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Exclusive: Ray Ozzie wants to wirelessly connect the world

A photo collage of Ray Ozzie and a cellular tower
Photo illustration: Axios Visuals

Ray Ozzie, the man who created Lotus Notes and helped usher Microsoft into the cloud era has a new goal: helping devices in the home get smarter by hooking them up directly to the cellular airwaves. In an exclusive interview, Ozzie said his startup has started trials with AT&T on a module that securely connects all sorts of products, from appliances and alarms to vending machines and construction equipment.

Bottom line: There's no doubt that many more devices are going to be connected wirelessly in coming years and that not all device makers will want to handle connectivity themselves. Ozzie's startup is likely to be just one of many companies willing to take on that task.

The premise behind Ozzie's new company, Blues Wireless, is that everyone from appliance makers to logistics companies will want their products to have a secure wireless connection without the hassles or risks of doing it themselves.

"Customers ate trying to connect virtually everything that exists to the cloud," Ozzie told Axios. "It’s fairly a no-brainer as compared to a technology in search of a problem."

Current and forthcoming cellular networks will be able to compete favorably with Wi-Fi, Ozzie said, offering several benefits.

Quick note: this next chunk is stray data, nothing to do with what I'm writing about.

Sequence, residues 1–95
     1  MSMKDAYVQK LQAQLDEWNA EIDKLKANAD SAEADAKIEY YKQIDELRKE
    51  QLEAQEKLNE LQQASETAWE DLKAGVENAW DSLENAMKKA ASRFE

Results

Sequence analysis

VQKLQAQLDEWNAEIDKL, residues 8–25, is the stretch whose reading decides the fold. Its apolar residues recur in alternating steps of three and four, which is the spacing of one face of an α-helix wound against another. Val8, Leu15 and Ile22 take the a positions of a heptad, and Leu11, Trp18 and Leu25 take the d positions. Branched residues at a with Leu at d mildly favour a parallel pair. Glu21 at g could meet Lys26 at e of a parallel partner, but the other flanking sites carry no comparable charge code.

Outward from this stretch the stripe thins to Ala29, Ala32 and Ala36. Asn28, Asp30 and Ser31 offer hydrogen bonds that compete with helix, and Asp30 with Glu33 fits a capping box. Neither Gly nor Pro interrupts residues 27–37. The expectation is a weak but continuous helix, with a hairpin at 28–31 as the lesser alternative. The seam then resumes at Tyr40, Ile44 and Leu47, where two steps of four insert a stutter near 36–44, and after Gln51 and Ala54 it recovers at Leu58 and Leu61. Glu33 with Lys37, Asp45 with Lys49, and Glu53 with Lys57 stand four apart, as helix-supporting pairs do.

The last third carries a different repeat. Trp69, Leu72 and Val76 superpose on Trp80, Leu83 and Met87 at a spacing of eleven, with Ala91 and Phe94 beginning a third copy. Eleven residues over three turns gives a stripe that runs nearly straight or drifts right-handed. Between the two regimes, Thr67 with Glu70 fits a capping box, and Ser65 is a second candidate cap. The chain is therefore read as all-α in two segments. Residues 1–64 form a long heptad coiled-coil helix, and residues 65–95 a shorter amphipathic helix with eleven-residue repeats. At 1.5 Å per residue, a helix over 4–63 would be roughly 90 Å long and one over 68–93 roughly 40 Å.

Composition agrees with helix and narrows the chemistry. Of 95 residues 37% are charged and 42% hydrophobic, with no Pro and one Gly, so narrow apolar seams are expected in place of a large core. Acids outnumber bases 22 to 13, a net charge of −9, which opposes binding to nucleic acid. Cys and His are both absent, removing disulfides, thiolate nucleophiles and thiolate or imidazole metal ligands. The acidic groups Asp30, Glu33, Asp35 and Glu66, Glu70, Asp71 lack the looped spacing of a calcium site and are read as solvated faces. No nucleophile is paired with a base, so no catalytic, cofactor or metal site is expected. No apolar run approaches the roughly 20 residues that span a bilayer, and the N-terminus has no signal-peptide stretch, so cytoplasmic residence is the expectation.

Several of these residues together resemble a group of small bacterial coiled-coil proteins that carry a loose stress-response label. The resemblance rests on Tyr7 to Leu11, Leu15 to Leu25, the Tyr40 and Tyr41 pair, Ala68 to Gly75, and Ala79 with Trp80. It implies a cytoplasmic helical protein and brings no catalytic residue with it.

• Unlike with Wi-Fi, devices can be set at the factory to connect wirelessly. Many Wi-Fi-equipped devices today never get connected because consumers either don't see enough benefit or get frustrated with the set-up process.
  • Everything is encrypted, with secure credentials stored on the device itself.
  • Using Notecard, devices can connect to cloud providers like Amazon's AWS or Microsoft’s Azure without ever having to cross the public internet, offering additional security benefits.

Yes, but: The problem is more than a technical one, Ozzie acknowledges: Cellular connections cost money, and efforts to connect devices in the past left customers to manage the data costs themselves.Blues Wireless hopes to take that hassle away by using a Kindle-like business model, selling the modules at enough of a profit to cover the cost of the device and the wireless data the devices will use. It isn't saying just how much it expects to charge.Also, Blues is still small, using mostly contractors and bankrolled by Ozzie.

History lesson: In the past, Ozzie's brainstorms have typically been directionally correct but ahead-of-their-time products looking to capitalize on shifts in the way people and computers interact. This time around, Ozzie says he's banking on making it easier for companies to get on board an inevitable hardware trend.